Fire at the city’s largest dumping ground, Deonar, has still not receded, even after five days of continuous efforts by around 100 firemen. A massive fire was reported from the landfill on March 20, which engulfed Deonar and nearby areas like Govandi, Chembur, Rafiq Nagar and Ghatkopar in heavy smoke.
The civic body’s disaster management department said fire-fighting and cooling operations were still on as several pocket fires continue to pop up. A fire brigade official involved in the fire-fighting operation said, “The operations might take some more time if the wind pattern doesn’t change. The high wind velocity is creating a hurdle.”
As the dumping ground continues to burn, the waste generated from the city, is still being dumped at the ground daily. Around 5,000- 6,000 metric tonnes of waste is being dumped every day without being treated.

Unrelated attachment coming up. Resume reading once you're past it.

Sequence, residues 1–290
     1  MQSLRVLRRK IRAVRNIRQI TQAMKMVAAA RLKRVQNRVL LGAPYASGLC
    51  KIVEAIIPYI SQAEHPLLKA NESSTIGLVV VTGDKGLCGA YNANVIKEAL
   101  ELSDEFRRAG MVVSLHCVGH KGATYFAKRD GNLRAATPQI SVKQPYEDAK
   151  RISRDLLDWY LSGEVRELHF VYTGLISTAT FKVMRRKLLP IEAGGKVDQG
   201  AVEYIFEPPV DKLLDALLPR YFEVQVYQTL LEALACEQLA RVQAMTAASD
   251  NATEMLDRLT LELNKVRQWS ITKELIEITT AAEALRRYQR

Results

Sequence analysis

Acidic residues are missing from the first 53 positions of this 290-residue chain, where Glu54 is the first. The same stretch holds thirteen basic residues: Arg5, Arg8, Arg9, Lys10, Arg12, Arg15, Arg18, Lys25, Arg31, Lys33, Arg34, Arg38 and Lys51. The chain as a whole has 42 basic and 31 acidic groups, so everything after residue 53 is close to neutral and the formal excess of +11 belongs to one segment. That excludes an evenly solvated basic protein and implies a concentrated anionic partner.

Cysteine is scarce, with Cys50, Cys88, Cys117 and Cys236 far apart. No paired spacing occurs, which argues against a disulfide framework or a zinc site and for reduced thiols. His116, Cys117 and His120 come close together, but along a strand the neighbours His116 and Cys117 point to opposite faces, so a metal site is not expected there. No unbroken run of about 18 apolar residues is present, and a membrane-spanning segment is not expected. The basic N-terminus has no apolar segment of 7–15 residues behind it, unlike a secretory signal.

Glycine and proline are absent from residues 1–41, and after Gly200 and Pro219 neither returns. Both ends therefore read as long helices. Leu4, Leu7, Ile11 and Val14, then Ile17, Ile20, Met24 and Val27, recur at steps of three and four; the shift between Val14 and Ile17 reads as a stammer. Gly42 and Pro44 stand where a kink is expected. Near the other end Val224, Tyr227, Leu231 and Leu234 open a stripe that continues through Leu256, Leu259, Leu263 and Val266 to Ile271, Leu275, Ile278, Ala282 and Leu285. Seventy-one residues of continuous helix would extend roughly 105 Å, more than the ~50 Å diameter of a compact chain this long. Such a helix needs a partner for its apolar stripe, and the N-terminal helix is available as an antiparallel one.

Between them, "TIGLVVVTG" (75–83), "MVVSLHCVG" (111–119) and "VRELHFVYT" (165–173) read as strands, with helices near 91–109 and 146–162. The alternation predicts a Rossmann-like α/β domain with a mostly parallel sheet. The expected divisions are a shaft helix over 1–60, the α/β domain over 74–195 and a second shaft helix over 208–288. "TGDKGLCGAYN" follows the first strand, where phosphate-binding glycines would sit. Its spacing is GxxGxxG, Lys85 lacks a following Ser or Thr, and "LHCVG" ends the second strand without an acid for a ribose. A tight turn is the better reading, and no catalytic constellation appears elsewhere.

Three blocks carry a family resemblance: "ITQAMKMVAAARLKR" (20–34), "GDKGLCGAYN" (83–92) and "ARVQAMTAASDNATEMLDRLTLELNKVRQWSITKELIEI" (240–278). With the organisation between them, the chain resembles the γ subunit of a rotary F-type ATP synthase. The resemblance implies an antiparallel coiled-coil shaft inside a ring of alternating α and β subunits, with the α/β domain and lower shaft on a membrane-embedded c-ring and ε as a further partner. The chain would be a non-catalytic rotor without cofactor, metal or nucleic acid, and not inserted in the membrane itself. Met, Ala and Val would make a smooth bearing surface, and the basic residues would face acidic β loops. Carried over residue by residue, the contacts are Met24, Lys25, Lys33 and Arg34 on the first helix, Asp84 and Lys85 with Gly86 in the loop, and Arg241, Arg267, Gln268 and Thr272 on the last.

A similar fire at the 132-acre dumping ground, had created havoc in January too, and it took fire-fighters a week to get it under control.
Since then, eight pockets fires have been reported from the landfill.
Experts said the unsystematic dumping of waste for more than 98 years has led to accumulation of combustible methane gas that has been stoking fires.
The Brihanmumbai Municipal Corporation (BMC), after the fire earlier this year, appointed Tata Consultancy Services (TCS) to suggest the feasibility of setting up a waste-to-energy plant at Deonar.
The IIT-Bombay had suggested putting a system in place to capture methane gas and remove it completely from the dumping ground. However, the BMC is yet to implement the system.
IIT-B is now designing a methane well to tap the gas. Until then, the BMC is struggling to control the fire.